The ANC is preparing South Africans to see their longest-serving leaders redeployed as mayors of "little dorpies" or even humble local councillors.
"There is nothing wrong for [President Jacob] Zuma, when he retires, to become a councillor in Nkandla," quipped ANC secretary general Gwede Mantashe.
The party spoke to media at Luthuli House on Tuesday after a meeting of its national executive committee (NEC), where service delivery protests that have rocked local government of late seemed to have dominated the discussion.
The party seems to fear a deficit of talent and experience among its leaders at the coalface of service delivery: across South African towns and municipalities.
"The NEC agreed with the principle of deployment of former ministers, deputy ministers, members of Parliament, premiers, MECs, MPLs and even former presidents and their deputies to strengthen local government," said Mantashe.
Speculation is rife that stalwart ministers such as Trevor Manuel will not make a reappearance in Zuma's next Cabinet after the 2014 elections. The ANC's latest statement may be aimed at preparing the public for the absence of key names from its Cabinet lists once it is released.
"Many ministers who were in the Cabinet since 1994 are saying, 'We have played our roles, can we do something different?'" said Mantashe. "In the ANC we consider it and deploy people to other roles – it may be local government."
The party's NEC met from January 24 to 26 in Irene, Pretoria, followed by the delayed national list conference, which determines who in the party will go to Parliament and the provincial legislatures.
But the room full of gathered media, who were hoping for the lists to be released at the press conference called on Tuesday, was sorely disappointed.
The ANC held off releasing its election lists following its national list conference, saying that it has to be "cleaned and rubber-stamped" before it was ready to be released.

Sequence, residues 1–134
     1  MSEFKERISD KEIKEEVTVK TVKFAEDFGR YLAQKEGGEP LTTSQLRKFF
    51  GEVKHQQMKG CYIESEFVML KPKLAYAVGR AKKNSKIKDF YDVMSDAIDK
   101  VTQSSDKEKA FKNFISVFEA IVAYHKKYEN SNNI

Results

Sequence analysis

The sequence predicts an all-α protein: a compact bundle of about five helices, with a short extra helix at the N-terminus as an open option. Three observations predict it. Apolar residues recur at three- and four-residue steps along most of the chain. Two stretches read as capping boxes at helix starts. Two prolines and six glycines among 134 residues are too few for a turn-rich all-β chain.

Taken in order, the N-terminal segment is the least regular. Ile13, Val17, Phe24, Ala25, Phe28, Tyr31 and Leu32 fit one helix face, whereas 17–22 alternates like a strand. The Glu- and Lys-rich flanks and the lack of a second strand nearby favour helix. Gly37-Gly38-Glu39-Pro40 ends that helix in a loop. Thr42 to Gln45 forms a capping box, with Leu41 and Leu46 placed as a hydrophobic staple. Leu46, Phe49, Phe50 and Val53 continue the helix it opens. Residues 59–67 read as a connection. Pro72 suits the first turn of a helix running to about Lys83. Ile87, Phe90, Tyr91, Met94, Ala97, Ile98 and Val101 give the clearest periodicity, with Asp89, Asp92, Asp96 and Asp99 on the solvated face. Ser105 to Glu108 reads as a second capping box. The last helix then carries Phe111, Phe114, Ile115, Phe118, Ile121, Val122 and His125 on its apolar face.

Mantashe explained that some names on the lists would need to be reviewed because of the party's decision to not send councillors to Parliament, unless it was under extraordinary circumstances.
He said it was to prevent local government from being depleted of experience, adding that there were three names from Mpumalanga that needed to be assessed.
Mantashe held off committing to a date to release the list, saying he would prefer to wait until the lists had to be submitted to the Independent Electoral Commission (IEC). "If you release early, you can have complications," he said.
The IEC has previously told the Mail & Guardian that the deadline for lists to be submitted has not yet been finalised. Once Zuma announces the election date, the IEC creates an election timetable based on the date, which includes a deadline for party lists to be submitted, it said.
Mantashe took a swipe at the Democratic Alliances's announcement of Agang leader Mamphela Ramphele as their presidential candidate, saying he did not want to answer questions about "rent-a-leader, rent-a-black".
But he later told journalists that the partnership wasn't a blow for the ANC but rather a blow for the DA who would have to justify to its supporters parachuting Ramphele in.